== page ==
Silk Undies that arrived with a bang

A close view of the underslip for a full length evening dress, showing the light blue and pink thread used in the embroidery, and the rib work used in the original construction of the parachute canopy.
A souvernir of war times.
The hem around the bottom of the slip incorporated the heavy ribbing used in the original construction of the parachute canopy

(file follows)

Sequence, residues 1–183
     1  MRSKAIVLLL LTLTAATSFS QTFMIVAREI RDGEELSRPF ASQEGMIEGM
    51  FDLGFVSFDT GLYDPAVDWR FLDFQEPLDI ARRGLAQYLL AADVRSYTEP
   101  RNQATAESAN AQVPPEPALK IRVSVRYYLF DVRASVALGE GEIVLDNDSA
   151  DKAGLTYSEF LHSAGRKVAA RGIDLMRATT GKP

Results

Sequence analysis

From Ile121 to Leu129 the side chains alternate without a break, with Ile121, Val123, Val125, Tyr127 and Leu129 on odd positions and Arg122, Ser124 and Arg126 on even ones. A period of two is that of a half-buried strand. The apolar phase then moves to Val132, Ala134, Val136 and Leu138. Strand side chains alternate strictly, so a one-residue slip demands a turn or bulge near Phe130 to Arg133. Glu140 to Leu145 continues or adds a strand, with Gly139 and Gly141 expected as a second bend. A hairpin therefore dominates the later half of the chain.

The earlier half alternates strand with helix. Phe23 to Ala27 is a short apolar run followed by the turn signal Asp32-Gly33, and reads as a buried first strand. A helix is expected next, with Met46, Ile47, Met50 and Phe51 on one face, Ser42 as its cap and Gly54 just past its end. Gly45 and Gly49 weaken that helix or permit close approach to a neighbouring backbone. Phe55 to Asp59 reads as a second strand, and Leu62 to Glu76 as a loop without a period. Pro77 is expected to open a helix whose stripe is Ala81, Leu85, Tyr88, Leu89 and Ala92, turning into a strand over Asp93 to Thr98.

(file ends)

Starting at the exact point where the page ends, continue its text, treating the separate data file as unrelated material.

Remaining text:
On the night of the 17th October 1940, two landmines were dropped in the area of Nevendon Rectory. One was an air burst above Frampton Farm and the Wilson family in their shelter felt the ground shake. The noise as the mine exploded was tremendous, and the house which had just had a beautiful stained glass window fitted which depicted a cow grazing and which had been made specially for his Father, according to Mr. Roland Wilson, and was his Father’s pride and joy, was trashed in the blast. As father and two sons, David and Roland, emerged from their shelter, various areas around the farm were alight. A young Roland grabbed the remains of the parachute mine’s green canopy. It was still alight so Roland extinguished the flames. Parachute landmines were usually dropped in twos and the other mine dropped on open farmland over towards the Southend Arterial Road (A127). Roland’s elder brother David was to find the off white cream parachute canopy from this mine and passed it on to his young cousin. At this point I should point out that on a visit to interview the said cousin, the lady presented me with a beautiful long evening dress under slip, manufactured by herself from the landmine parachute canopy. However the only way I was going to get it was if I didn’t ever publish her name. So out of respect for her wishes sadly the lady’s identity has to be withheld at this time. Practically everything during the war years and just after was put on ration. This included food, clothing, petrol. Clothing was particularly hard to obtain especially if you were a young woman. The landmine parachute or any parachute for that matter was greatly sought after as they were made of pure silk, even the guide ropes were platted silk twine, very soft. Ladies being ladies, if they could get their hands on a parachute it very quickly got turned into a variety of ladies’ under garments, silk slips, silk knickers were, I’m told, the most popular. As for the parachute chord, this was unpicked and the individual strands of twine rolled into balls. Then the girls would reknit the twine into dish cloths, nothing was wasted. Very hard to imagine today people having to perform such tasks, but seventy years on and those home made silk knickers and slips have long gone. But in 1994 when I conducted my interview with Roland’s cousin, I was presented with this very rare find, a full length under slip which would have gone underneath a lady’s evening dress. Acquiring this item wasn’t easy as the lady’s modesty stood firmly in the way, only relenting when I promised that I would display it without her name. Before I left I thought about asking if anything else of a similar nature had survived, but I thought, discretion being the better part of valour, I’d leave and be grateful for what I had. I have photographed this item and if I’m honest photography doesn’t do it justice. On the bottom hem can still faintly be seen numbers in black separating the panels and the reinforcing ribs that give the parachute canopy its strength. I think I can safely say that in all the years I have obtained gifted items of local history this evening slip, with it’s tiny waist and some light embroidering to make it even more feminine, is the nicest and most significant of a time now most young people today could not comprehend or understand, the simple hardship of having to go without or make do with what you had or could obtain.


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